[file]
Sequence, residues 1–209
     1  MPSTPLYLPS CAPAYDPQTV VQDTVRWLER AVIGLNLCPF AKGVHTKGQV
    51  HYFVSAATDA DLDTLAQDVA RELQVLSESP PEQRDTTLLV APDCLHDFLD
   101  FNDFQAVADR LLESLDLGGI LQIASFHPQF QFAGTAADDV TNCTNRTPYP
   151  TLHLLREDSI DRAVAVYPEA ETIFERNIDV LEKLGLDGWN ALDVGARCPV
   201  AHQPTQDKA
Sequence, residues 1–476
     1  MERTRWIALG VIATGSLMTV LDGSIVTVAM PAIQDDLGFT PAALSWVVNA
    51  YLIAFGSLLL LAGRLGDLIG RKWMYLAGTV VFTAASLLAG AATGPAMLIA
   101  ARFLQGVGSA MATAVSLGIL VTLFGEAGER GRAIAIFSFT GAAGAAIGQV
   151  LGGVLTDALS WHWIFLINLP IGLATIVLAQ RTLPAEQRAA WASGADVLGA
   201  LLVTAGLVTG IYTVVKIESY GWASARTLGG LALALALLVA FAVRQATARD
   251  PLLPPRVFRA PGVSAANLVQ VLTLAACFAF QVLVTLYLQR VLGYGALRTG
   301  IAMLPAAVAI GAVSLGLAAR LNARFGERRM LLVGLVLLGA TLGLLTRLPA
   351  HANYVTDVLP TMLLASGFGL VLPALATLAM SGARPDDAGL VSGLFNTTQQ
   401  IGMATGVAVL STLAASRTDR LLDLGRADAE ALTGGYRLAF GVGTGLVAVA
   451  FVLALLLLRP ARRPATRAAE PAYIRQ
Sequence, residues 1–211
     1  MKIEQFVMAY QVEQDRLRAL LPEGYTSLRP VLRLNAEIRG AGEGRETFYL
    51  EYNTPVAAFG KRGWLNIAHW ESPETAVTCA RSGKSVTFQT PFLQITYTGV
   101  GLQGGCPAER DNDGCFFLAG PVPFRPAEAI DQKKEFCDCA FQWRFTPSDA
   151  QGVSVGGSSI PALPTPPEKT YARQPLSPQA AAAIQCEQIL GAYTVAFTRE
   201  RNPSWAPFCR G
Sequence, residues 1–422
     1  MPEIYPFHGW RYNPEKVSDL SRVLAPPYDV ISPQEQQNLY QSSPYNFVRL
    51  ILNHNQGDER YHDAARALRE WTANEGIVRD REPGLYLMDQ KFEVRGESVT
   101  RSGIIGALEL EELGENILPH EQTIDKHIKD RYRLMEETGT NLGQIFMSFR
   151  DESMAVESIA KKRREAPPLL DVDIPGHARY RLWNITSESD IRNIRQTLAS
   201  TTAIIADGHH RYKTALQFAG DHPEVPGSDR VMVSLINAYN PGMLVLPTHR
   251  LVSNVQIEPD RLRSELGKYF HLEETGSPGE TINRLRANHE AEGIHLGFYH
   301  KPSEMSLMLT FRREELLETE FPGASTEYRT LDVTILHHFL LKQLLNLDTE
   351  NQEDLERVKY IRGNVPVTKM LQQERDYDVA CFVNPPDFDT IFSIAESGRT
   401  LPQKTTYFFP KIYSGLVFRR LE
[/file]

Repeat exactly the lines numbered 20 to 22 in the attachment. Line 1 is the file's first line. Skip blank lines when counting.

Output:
    51  EYNTPVAAFG KRGWLNIAHW ESPETAVTCA RSGKSVTFQT PFLQITYTGV
   101  GLQGGCPAER DNDGCFFLAG PVPFRPAEAI DQKKEFCDCA FQWRFTPSDA
   151  QGVSVGGSSI PALPTPPEKT YARQPLSPQA AAAIQCEQIL GAYTVAFTRE